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    Moscow is willing to share cybercrime information with Washington, but does not see similar willingness from the United States, Russian Foreign Ministry's Human Rights Ombudsman Konstantin Dolgov said Wednesday.

    Russia Willing to Share Cybercrime Intelligence With US - Ombudsman

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    Moscow is willing to share cybercrime information with Washington, but does not see similar willingness from the United States, Russian Foreign Ministry's Human Rights Ombudsman Konstantin Dolgov said Wednesday.

    MOSCOW (Sputnik) – He stressed that he saw no indication that the United States was willing to reciprocate, citing Washington's practice of applying its laws outside its territorial jurisdiction.

    "We are saying directly: if you have claims toward our citizens, our law enforcement agencies work very effectively on a range of crimes, including cybercrime. Let us share this information, let us work together," Dolgov told reporters.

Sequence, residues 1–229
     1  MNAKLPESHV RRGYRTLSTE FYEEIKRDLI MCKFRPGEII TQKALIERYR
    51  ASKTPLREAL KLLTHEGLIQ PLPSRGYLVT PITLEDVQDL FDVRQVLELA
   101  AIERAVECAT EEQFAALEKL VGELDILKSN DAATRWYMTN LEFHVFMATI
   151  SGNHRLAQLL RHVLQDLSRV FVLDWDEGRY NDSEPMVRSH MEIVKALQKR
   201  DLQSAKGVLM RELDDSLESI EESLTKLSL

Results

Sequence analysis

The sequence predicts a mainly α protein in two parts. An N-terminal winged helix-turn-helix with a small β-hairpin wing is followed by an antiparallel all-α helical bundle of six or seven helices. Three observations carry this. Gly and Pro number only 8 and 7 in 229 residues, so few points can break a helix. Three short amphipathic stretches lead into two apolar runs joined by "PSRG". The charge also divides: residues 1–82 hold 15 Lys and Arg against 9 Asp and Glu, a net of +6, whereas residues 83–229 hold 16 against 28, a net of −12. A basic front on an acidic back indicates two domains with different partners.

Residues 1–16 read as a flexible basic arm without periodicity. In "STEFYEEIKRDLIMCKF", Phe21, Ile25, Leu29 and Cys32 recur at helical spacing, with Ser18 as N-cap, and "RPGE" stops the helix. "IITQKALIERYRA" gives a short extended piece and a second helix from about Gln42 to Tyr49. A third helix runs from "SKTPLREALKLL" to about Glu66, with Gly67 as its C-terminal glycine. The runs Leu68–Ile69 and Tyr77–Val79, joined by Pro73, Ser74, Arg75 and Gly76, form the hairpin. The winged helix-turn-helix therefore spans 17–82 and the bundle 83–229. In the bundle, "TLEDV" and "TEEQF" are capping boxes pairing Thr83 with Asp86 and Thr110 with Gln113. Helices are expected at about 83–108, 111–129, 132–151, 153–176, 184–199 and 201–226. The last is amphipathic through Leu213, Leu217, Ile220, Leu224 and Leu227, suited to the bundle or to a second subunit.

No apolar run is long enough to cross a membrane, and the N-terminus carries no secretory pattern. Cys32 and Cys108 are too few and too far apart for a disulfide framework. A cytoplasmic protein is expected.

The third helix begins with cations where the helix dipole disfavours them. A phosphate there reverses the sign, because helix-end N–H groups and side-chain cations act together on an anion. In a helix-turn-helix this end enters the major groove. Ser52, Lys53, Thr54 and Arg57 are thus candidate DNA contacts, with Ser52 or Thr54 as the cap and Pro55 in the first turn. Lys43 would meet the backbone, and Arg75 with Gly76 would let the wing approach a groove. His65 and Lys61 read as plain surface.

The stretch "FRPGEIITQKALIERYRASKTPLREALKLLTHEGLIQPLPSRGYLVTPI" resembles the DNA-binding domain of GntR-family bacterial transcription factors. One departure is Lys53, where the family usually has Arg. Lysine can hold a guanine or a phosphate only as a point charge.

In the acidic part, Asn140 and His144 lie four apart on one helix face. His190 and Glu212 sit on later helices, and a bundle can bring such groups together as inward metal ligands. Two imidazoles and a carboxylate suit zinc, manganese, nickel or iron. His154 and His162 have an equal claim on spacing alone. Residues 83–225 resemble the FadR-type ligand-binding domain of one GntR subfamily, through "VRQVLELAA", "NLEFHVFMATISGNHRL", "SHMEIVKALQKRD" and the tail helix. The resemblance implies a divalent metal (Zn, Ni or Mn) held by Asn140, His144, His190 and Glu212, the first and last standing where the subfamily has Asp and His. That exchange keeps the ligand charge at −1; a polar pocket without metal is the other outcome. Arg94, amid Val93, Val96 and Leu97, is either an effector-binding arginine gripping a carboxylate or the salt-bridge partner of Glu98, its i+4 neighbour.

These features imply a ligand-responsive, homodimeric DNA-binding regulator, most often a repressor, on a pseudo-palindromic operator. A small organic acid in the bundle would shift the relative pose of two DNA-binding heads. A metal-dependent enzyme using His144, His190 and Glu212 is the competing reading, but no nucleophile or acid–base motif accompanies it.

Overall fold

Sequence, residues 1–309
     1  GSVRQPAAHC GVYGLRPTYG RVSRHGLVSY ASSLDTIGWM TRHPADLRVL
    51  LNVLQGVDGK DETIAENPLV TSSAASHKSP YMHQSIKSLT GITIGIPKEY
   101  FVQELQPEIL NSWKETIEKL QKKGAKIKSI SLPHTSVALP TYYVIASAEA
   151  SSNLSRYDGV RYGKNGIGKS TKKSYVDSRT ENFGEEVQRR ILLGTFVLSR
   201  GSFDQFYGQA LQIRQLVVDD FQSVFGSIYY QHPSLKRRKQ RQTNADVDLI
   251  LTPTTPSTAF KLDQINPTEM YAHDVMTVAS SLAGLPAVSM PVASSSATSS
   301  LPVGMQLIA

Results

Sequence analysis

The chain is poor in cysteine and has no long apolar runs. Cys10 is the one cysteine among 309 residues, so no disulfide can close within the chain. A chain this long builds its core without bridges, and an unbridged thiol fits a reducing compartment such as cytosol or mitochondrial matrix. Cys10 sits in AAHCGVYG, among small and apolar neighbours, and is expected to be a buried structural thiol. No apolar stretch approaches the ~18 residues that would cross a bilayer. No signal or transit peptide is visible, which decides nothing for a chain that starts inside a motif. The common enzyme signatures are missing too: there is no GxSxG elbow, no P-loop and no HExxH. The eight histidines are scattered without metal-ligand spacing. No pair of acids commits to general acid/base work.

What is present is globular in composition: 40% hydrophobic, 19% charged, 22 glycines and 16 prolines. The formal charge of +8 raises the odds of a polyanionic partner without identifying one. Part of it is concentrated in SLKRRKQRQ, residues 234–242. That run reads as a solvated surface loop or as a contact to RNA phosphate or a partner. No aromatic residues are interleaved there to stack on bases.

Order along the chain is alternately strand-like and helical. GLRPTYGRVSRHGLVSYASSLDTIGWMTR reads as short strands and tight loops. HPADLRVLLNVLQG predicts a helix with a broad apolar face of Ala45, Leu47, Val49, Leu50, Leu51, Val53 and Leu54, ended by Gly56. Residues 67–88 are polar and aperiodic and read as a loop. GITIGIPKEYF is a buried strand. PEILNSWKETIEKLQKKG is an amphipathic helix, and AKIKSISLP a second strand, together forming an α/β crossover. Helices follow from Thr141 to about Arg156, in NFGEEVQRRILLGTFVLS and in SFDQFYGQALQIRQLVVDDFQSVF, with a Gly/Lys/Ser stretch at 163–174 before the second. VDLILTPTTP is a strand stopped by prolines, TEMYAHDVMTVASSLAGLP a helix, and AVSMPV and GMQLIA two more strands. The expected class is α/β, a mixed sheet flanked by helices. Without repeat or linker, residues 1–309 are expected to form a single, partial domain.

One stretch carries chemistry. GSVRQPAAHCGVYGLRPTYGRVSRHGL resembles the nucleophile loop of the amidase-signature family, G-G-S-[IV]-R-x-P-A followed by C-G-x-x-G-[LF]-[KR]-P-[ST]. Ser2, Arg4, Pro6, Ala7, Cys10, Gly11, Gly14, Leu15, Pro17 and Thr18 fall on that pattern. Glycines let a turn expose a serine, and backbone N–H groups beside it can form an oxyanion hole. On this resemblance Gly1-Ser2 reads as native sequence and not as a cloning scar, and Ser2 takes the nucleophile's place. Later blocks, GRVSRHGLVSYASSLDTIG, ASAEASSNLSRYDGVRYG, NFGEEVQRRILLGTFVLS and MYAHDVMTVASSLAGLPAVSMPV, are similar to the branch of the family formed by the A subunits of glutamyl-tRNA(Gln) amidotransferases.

At bilateral consultations held on April 21-22 in Geneva, high-ranking Russian and US officials agreed to boost practical cooperation in the fight against cyber threats, the Russian Security Council said.

    The sides discussed drafting the "norms, rules and principles of responsible behavior of countries in cyberspace, maintaining stability in the information space, and countering terrorism and crimes in the sphere of information technologies."

    The council added that Moscow and Washington discussed improving information exchanges via channels of communication in line with the June 17, 2013, joint statement on cooperation to counter terrorism.

    The Russian delegation was headed by Security Council Deputy Secretary Sergey Buravlev, while Special Assistant to the President and Cybersecurity Coordinator Michael Daniel represented the United States at the consultations.

    Officials with Russia's Security Council, the ministries of foreign affairs, defense, and the interior, as well as the Federal Security Service and the Federal Guard Service also took part in the meeting. US interests were represented by the White House, the state, defense and homeland security departments, the Federal Bureau of Investigation, and the National Intelligence Council.

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    cybersecurity, Konstantin Dolgov, Russia, United States
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